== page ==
2. I think the Court of Justice's approach isn't all that bad, and they have every right to interpret the Directive and Convention in this way. The idea that someone who has made their work available to the general public by placing it on the internet should then be able to claim infringement when someone simply post a link to that work is absurd. The copyright maximalists of the ALAI may dream of a world where the internet is illegal, but most of us are quite happy with it, thanks.

  3. Worse, the idea that a link to a work which is protected with an access code is a "communication to the public" is nonsense, surely? If the public can't access it, it isn't communicated to them.

    The logic of the ALAI opinion applies equally well to, say, references in an academic paper or in fact any explanation of how to obtain a copyright work lawfully from its owner.

    There can be essentially no principled reason why the copyright owner needs the incentive of being able to control such a mention of its work. I find it extremely hard to enter the mindset of someone who thinks otherwise.

  4. I agree with Francis and would like to see a distinction between URL links which are a bit like book references stating "here you can find this information" from embedding/framing content which shows the material in a new context on another web page. Embedding deprives the holder of the control of the context and since the URL is hidden the origin of the material is also hidden.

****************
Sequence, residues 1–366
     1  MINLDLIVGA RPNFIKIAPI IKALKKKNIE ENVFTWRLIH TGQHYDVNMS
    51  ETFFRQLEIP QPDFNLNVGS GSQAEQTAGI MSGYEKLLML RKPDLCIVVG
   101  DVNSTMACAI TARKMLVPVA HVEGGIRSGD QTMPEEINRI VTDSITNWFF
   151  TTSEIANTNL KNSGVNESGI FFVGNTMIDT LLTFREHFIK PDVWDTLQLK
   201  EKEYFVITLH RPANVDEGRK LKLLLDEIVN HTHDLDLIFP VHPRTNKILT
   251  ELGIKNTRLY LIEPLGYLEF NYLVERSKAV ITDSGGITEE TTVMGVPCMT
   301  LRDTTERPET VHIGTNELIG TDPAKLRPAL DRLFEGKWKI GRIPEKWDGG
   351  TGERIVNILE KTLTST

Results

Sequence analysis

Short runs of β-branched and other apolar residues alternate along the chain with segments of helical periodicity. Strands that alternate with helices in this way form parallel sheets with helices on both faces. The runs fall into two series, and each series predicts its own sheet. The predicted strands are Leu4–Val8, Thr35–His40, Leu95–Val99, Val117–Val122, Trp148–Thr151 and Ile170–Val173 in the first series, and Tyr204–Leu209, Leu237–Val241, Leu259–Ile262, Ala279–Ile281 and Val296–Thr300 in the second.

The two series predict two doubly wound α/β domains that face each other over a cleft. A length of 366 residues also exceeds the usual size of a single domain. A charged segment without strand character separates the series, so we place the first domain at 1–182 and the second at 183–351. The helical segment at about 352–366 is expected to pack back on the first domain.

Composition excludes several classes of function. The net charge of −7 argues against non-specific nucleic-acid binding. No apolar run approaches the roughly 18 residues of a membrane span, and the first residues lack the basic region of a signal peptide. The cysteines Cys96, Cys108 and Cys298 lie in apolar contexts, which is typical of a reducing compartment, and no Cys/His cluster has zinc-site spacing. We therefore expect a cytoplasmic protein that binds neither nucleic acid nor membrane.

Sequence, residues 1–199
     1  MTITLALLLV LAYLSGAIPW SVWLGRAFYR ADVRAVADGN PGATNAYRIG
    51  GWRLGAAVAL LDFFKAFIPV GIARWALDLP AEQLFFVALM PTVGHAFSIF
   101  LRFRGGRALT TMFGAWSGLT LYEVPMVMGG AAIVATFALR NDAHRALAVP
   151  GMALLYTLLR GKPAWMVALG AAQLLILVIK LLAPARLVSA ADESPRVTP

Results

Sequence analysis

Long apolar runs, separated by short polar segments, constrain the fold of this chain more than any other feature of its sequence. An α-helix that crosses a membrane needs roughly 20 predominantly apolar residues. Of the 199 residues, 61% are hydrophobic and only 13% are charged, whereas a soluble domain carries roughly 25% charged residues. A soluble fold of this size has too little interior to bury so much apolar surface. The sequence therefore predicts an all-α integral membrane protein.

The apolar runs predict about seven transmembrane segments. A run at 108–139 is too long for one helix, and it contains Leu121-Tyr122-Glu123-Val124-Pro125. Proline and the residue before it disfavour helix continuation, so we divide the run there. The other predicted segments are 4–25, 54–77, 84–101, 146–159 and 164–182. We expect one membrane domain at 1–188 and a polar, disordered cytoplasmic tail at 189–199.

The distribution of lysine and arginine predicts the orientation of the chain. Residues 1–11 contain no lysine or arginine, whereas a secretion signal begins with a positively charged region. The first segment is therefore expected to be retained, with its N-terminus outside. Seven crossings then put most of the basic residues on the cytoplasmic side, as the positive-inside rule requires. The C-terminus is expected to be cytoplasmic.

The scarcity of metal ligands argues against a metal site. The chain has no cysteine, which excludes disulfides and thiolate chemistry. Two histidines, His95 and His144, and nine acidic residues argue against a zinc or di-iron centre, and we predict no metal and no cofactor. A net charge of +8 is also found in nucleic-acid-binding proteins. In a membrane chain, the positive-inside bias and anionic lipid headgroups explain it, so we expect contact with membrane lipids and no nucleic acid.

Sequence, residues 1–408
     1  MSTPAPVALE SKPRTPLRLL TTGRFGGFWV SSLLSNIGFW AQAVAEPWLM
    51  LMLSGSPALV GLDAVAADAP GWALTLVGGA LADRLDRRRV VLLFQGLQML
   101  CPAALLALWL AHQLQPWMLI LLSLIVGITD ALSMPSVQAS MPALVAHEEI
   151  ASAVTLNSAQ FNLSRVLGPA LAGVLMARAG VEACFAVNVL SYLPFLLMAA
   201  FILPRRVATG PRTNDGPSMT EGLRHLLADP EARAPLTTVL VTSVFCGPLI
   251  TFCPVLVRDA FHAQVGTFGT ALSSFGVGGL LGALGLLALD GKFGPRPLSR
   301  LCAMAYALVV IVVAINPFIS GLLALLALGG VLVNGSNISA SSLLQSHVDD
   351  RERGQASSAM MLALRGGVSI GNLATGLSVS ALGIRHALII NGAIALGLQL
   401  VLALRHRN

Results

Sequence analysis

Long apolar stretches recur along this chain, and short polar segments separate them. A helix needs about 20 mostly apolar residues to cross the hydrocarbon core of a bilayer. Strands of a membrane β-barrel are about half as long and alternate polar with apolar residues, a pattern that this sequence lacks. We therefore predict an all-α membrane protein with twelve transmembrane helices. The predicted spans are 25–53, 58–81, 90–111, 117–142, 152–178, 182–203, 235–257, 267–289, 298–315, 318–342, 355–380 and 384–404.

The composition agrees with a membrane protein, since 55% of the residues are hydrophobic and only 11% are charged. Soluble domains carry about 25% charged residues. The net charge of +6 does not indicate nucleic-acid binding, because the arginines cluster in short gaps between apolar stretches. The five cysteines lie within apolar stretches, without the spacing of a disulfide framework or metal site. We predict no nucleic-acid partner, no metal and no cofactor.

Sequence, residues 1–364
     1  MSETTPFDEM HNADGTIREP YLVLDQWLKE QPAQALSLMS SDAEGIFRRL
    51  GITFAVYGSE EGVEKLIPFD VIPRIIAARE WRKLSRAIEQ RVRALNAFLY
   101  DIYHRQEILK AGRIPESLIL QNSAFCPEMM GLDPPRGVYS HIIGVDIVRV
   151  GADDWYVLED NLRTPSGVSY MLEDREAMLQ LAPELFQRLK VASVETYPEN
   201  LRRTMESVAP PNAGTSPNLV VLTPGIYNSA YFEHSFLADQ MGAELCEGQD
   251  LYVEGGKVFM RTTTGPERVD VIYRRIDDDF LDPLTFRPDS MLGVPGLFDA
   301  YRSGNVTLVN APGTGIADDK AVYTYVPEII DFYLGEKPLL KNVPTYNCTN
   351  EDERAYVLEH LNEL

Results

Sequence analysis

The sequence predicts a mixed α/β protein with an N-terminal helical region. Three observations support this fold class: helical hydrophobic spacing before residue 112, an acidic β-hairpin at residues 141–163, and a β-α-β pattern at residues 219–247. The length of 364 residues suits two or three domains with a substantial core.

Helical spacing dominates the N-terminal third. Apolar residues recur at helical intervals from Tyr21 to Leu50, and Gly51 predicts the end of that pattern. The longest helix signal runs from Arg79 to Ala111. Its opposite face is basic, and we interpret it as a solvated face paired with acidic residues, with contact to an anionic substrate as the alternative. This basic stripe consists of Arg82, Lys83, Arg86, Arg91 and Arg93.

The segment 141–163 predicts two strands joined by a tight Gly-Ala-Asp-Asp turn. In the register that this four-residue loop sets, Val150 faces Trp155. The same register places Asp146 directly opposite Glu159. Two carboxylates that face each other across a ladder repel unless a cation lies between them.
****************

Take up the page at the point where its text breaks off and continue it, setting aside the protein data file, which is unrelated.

In the urge to be technically neutral this important non-technical different is lost.

  5. Francis,

    I have to ask: would it be parsing too finely to draw a distinction between general communication - which implicitly involves a back and forth capability - and communicating to someone - which does not implicitly involve 'the back' response?

    If the distinction is allowable, then the ability to respond back is immaterial, and the fact that what is communicated is so communicated within a 'locked box' does not matter , as the item is still communicated to the public.

  6. I don't think that can work. What we are talking about here is the "making available" part of "communication to the public" which has the well known definition:

    "the making available to the public of the work by electronic transmission in such a way that members of the public may access it from a place and at a time individually chosen by them"

    If the member of the public can't access the work (because it is in a locked box) then it is not communicated to *them*.